The British Bankers’ Association (BBA) has reported that gross mortgage borrowing totalled £12.2 billion in June.
This total was 4% higher than in June 2015. Borrowing in the first half of 2016 was £79.9 billion compared with £63.6 billion in the same period of 2015.
The BBA said house purchase approval numbers have bounced back a little from the low numbers seen in April (following the surge in the first few months of 2016) but are still some 11% lower than in June 2015. However, in the first half of 2016 numbers were 5.5% higher than in the same period of 2015.
Consumer credit continues to show annual growth of over 6% possibly reflecting uncertainty and in the case of personal loans and overdrafts favourable interest rates.
Dr Rebecca Harding, chief economist at the BBA, said: “This month’s high street banking data reflects the uncertainty that was felt ahead of the EU referendum.
“Business borrowing in June dropped for the first time in 2016, signalling that investment decisions were being delayed until after the vote.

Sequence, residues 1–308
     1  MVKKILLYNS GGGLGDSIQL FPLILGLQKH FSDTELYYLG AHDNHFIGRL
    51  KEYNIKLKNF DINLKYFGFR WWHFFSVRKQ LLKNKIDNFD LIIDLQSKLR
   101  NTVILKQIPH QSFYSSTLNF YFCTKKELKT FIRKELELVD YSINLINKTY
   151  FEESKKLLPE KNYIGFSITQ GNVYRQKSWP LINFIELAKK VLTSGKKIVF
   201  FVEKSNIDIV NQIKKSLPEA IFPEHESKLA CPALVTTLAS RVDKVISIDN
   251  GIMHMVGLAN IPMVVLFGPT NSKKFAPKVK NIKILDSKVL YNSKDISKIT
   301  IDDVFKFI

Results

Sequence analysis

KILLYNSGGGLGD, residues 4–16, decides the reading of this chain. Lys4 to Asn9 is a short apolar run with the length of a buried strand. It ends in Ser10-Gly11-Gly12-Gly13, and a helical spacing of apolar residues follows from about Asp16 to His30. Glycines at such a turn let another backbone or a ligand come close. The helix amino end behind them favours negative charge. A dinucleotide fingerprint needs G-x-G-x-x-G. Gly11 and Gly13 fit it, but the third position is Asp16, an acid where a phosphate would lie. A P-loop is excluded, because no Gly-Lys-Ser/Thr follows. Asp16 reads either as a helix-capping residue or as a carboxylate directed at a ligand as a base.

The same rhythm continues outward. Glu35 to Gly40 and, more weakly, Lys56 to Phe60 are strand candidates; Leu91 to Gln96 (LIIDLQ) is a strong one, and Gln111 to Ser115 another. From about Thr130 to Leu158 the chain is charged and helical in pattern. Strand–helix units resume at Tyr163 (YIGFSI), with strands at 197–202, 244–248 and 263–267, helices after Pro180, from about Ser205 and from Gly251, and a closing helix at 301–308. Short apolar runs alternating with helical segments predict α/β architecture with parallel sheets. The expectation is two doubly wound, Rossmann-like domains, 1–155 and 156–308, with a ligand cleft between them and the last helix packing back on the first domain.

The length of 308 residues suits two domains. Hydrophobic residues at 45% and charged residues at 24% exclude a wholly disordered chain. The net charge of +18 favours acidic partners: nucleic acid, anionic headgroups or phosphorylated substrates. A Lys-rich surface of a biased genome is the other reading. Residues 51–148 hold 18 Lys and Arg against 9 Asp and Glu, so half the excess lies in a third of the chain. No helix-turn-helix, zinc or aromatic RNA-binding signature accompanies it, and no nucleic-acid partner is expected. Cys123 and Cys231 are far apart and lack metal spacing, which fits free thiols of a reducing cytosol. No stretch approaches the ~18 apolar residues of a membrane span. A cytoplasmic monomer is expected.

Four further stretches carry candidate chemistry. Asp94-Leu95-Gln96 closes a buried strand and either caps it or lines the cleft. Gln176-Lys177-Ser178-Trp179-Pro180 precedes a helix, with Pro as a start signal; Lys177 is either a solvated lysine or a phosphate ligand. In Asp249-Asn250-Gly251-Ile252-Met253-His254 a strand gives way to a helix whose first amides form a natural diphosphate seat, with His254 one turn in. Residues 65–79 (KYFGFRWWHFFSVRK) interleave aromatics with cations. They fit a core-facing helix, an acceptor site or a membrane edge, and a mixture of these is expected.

“Mortgage lending and approvals also fell back in June but remain above the low levels seen in April following the introduction of the stamp duty surcharge.
“Overall, business confidence was clearly fragile in anticipation of the outcome of the vote, but these results are not a verdict on the health of the economy post-Brexit. We won’t start to see that data come through until the autumn and any trends before then should not be over-interpreted.”
Andrew McPhillips, chief economist at Yorkshire Building Society, added: “These figures show that homebuyers chose not to postpone getting on the housing ladder despite uncertainty around the EU referendum. That said, it’s important to note that increases in lending are not solely influenced by movements in demand, but also by house prices.
“Current levels of house price inflation are putting upwards pressure on the size of the loans people are taking out which is, in turn, driving up mortgage lending. There was a 4.9% monthly increase in property transactions in June, according to HMRC, and the fact that lending is increasing on a much steeper scale shows how house price increases are affecting the mortgage market.
“Looking at the long-term trends, property transactions are actually down by 10.2% on last year, compared to a 4% increase in lending over the same period. The consequence of increasing house prices is that many people are being pushed out of the market due to the amount of money required to get on the property ladder. There is a clear need for more homes to be built, which should act to reduce house price inflation and help to make homes more affordable.”